“Anna,” her mother began a few bells later. “You need to leave now! Sunrise will be soon and then the people will get up. I don’t want them to find you here.”


“Mama, I –” Anna began, but her mother interrupted her.


“I love you very much Anna, but you can’t stay here. It’s not safe for you. Please, Anna –”


“Nooooooooooo, I wanna stay with you!” Anna wailed and held on tight to her mother’s legs.


“Hush, you’ll wake the people.”


Anna fell silent, but didn’t let go of her mother.


“Anna, love, listen very carefully now!”


“Yes, Mama.”


“I need you to go to our place. Wait there for me, will you?”


“Uh hmmm.”


“And if someone else comes, I need you to hide in the forest; don’t let the villagers see you. Think you can do that?”


“Yeah, but –”


“No but, Anna, you need to go now! You’re a big girl, and you can take care of yourself.” Her voice sounded stern.


“Mama, you’ll come, right?”


“I’ll do my best to be there. Now go! I love you.”


Anna looked at her mother and understood. Tears in her eyes, she hugged her one last time and left. Hopeful that her mother would be with her again soon, she walked home.




Anna reached the weather-beaten shack half a bell later and went inside. Nothing looked the way they had left it. The place was a mess. The furniture was broken, the linen ripped, and the few wooden dishes they had were scattered over the floor. She checked the small pantry. Rats! Anna shrieked. Whatever food they had, was now gone. Tears flooded her eyes. Then she remembered what her mother had said. She was a big girl now and would take care of herself. She picked up a few things that seemed useful and placed them in her basket. Tired, she settled on the small cot and closed her eyes.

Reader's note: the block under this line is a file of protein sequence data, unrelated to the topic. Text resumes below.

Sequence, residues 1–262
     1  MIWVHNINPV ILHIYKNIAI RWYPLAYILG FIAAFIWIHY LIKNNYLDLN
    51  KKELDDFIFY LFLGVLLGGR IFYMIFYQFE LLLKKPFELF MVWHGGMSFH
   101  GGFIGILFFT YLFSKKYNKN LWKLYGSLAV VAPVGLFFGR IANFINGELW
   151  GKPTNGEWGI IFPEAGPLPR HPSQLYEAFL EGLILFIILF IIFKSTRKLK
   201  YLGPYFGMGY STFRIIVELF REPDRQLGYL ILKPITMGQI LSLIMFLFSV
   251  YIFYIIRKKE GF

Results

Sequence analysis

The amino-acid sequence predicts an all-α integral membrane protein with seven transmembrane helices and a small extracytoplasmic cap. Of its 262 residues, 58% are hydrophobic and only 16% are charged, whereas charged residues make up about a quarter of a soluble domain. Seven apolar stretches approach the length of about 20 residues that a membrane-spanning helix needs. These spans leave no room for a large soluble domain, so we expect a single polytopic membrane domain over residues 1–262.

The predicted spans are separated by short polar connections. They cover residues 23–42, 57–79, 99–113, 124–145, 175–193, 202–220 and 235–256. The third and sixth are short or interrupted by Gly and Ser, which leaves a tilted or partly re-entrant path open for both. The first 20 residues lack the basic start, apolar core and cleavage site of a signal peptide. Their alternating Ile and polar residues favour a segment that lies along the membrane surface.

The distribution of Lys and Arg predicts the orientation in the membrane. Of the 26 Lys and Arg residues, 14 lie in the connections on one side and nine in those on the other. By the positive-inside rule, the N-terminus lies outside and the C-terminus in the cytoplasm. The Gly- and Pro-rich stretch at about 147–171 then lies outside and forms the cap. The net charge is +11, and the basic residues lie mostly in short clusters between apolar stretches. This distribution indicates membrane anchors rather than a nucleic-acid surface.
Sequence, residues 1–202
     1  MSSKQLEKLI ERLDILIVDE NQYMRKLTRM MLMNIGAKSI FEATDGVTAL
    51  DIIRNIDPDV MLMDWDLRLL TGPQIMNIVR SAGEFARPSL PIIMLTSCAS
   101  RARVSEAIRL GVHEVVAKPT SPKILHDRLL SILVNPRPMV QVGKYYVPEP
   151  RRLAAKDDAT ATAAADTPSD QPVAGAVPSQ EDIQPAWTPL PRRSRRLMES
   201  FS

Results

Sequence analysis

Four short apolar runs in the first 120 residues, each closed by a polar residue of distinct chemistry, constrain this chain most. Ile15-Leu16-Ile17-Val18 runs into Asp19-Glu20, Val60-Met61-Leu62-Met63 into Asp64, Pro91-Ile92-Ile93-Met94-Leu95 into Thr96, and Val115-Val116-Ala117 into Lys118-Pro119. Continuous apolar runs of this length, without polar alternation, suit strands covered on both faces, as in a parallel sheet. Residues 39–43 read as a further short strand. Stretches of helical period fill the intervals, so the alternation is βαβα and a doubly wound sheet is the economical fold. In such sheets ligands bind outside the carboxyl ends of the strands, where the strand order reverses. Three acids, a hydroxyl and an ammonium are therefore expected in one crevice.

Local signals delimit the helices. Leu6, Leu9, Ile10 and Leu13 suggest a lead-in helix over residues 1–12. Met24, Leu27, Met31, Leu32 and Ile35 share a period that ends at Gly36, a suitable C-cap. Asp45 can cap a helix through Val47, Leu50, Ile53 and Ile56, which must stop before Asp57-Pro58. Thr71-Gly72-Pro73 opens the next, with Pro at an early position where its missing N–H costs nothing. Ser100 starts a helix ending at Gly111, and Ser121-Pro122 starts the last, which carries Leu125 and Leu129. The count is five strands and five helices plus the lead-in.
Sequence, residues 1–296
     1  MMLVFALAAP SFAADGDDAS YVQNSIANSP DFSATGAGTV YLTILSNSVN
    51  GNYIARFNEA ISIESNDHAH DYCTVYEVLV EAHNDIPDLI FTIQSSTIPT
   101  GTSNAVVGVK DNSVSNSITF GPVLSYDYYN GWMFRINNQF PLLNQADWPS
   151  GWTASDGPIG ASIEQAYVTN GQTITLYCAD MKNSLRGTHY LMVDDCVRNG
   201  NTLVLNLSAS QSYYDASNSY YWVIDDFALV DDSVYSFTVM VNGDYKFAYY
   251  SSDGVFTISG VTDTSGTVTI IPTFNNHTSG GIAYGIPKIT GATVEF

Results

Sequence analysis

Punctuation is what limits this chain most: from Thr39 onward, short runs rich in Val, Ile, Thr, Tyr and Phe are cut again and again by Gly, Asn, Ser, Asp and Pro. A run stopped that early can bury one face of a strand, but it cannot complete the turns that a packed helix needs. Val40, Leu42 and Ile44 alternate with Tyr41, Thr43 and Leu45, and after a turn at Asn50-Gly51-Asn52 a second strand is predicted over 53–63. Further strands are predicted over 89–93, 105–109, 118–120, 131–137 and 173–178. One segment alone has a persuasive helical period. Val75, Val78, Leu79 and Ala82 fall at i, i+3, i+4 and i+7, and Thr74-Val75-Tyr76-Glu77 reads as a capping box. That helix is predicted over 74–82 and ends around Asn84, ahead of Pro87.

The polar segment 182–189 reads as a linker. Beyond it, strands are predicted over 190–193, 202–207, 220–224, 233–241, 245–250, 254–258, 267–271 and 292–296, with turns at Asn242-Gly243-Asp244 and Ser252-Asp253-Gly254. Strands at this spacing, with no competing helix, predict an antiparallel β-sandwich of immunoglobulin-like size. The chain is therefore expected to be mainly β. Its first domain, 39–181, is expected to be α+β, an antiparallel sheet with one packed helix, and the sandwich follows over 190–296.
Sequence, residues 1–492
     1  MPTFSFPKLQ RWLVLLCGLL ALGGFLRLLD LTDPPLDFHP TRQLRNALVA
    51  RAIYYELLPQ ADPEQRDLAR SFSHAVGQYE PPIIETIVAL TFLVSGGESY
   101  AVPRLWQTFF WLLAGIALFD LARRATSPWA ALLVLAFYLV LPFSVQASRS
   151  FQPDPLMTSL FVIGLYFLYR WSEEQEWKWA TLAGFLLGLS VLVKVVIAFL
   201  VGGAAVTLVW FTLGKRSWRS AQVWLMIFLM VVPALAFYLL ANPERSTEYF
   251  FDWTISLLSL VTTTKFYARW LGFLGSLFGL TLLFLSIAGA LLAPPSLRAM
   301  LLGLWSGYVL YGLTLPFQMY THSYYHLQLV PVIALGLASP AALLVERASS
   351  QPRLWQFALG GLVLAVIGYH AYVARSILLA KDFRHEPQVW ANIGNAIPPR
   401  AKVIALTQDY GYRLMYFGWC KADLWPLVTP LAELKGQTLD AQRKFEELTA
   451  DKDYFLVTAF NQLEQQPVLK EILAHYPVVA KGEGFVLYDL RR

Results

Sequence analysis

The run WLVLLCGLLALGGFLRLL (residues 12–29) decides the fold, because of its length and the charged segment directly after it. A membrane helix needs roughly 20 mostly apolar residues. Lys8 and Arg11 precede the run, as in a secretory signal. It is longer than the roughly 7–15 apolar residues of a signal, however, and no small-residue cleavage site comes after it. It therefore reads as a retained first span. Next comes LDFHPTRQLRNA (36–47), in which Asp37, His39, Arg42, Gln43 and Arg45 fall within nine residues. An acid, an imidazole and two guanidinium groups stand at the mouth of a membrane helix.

Shouting woke her bells later. Quickly she left the shack and hid in the bushes. Just as she felt safe to leave her hiding place, she heard voices. The villagers were approaching the shack. Anna pushed herself deeper into the bushes. She watched in horror as the men tore down the shack, stacked the pieces, and set them on fire. She listened to their gloating about how they had killed the evil one, and understood that they were talking about her mother.


“I’m a big girl now!” Anna whispered to herself, repeating her mother’s words in her mind. “I won’t cry!” but the tears started flowing anyway. Helplessly, Anna stared at the blazing fire. She barely noticed the villagers walking away one by one, leaving only a handful behind. By the time the fire had burnt down, she was full of hatred towards the villagers. Anna watched the remaining men put out the fire. After the last villager had left the site, she crawled out from underneath the bush.


“I’m a big girl now,” Anna told herself, wiping the last tears from her cheek. “I can take care of myself!” She turned and disappeared into the woods.